(NEXSTAR) – Tony Dow, who starred as Wally Cleaver on “Leave It to Beaver,” passed away on Wednesday morning amid a battle with cancer, according to a statement released by his son.
Dow’s death comes one day after his death was prematurely announced on Facebook by his management team.
“Although this is a very sad day, I have comfort and peace that he is in a better place,” said Dow’s son, Christopher Dow, in a statement included in a Facebook post shared to Dow’s official page on Wednesday afternoon. “He was the best Dad anyone could ask for. He was my coach, my mentor, my voice of reason, my best friend, my best man in my wedding, and my hero.”
Christopher Dow had also said on Tuesday that his father was alive and under hospice care when his management team released a statement on his death Tuesday morning. The statement, posted by managers and friends Frank Bilotta and Renee James, was removed later in the day.
“This is a difficult time,” read a statement attributed to Christopher Dow, which was shared to Facebook on Tuesday. “Dad is at home, under hospice care, and in his last hours. My wife and I are by his side along with many friends that have visited. He has a fighting heart.”
Another statement published Tuesday afternoon to Dow’s Facebook page, presumably from Bilotta and James, had explained that Dow’s wife Lauren Dow, while “very distraught,” had notified them of Dow’s passing and “asked that we notify all his fans.”
“As we are sure you can understand, this has been a very trying time for her,” read the statement, which was posted Tuesday afternoon. “We have received a call from Tony’s daughter-in-law saying that while Tony is not doing well, he has not yet passed. Tony’s son Christopher and his daughter-in-law Melissa have also been by his side comforting him, and we will keep you posted on any future updates.”
Nexstar had reached out to one of Dow’s representatives for additional information on the mix-up.
Jerry Mathers, Dow’s former co-star on “Leave It to Beaver,” was one of many friends and fellow actors to react to the initial reports of Dow’s passing on Tuesday.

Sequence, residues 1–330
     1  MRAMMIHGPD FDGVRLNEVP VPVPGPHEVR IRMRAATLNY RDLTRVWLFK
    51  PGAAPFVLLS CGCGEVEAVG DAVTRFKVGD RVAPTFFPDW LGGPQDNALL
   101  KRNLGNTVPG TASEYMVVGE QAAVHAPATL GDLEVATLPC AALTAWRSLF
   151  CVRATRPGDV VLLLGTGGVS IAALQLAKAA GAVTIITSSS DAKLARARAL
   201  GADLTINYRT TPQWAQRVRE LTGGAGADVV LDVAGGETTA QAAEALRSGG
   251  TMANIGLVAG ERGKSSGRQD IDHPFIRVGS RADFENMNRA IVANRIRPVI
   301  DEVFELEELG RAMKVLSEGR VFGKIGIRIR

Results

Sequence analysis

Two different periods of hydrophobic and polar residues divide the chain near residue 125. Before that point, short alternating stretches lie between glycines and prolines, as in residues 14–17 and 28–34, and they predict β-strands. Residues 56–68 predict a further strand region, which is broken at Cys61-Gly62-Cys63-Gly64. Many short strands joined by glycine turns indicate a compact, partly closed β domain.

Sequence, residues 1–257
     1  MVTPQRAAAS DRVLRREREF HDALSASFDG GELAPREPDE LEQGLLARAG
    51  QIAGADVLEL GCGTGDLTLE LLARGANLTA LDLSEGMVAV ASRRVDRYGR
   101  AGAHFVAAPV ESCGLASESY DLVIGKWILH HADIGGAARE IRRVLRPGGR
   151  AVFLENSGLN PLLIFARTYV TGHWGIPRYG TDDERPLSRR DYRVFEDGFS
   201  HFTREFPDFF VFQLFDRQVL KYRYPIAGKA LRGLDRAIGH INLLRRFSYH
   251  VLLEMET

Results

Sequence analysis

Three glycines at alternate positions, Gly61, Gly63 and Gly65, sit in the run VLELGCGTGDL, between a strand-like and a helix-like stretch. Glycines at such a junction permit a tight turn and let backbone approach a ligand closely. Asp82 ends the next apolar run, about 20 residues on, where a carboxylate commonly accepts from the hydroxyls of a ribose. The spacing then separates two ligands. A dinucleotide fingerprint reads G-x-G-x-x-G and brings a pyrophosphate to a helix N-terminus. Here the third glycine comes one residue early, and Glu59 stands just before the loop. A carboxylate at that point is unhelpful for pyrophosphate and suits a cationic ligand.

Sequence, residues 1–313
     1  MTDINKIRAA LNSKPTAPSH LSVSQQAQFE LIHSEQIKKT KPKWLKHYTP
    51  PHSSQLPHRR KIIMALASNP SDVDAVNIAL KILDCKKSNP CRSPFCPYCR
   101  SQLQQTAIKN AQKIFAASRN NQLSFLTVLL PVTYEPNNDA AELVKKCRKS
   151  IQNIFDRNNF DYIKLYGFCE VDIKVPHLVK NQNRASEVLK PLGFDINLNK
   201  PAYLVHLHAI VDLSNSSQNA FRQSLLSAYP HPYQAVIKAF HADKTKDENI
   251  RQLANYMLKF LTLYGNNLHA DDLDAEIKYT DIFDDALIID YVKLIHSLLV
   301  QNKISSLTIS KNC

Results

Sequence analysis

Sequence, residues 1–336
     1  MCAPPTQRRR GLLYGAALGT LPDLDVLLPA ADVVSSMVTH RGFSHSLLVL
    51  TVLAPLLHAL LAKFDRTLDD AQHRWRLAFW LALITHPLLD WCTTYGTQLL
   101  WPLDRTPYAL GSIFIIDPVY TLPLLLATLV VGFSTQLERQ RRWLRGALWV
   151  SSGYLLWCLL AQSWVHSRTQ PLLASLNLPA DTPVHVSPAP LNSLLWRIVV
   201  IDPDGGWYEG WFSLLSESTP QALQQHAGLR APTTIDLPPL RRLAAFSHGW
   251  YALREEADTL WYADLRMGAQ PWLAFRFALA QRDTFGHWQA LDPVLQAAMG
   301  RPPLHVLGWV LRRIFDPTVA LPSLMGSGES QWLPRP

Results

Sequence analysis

“He was always the kindest, most generous, gentle, loving, sincere, and humble man, that it was my honor and privilege to be able to share memories together with for 65 years,” Mathers had written on Facebook.
Mathers’ post has since been removed.
Dow, 77, is perhaps best known for playing Wally Cleaver, brother to Theodore “Beaver” Cleaver (Mathers) on “Leave It to Beaver” between 1957 and 1963. Dow appeared in all 234 episodes, as well as the 1983 TV reunion film “Still the Beaver” and the sequel series “The New Leave It to Beaver,” which ran for four seasons in the mid-‘80s. He also made appearances in popular shows including “My Three Sons,” “Lassie” and “Adam-12.”
In addition to acting, Dow has directed television episodes of “The New Leave It to Beaver,” “Harry and the Hendersons,” “Coach” and “Babylon 5,” as well as nearly a dozen other series, according to IMDb.
He also became a sculptor in later years, with one of his pieces being temporarily displayed as part of an exhibition at the Louvre, the L.A. Times reported in 2008.
Erroneous reports of Dow’s death on Tuesday morning followed news of Dow’s health scares in recent years, including his hospitalization for pneumonia in August 2021. At the time, his agent told The Hollywood Reporter he was “in good spirits” despite the diagnosis.
Months later in May, Dow’s wife had also revealed Dow was “once again” diagnosed with cancer, suggesting he had battled the disease previously. On May 29, Dow himself also shared a Facebook update with fans upon beginning immunotherapy treatment.
“I really wanted to touch base and thank all of you who have been thinking, praying and hoping for my good recovery,” wrote Dow, in what appears to be the last Facebook post he penned himself. “All the thoughts, cards and good wishes have had a tremendous effect on me and I’m appreciative for all the caring you’ve expressed. It’s amazing how the world could change with more love and respect. Let’s try our best to ‘make this world a better place’ for our friends, families, and even our adversaries.”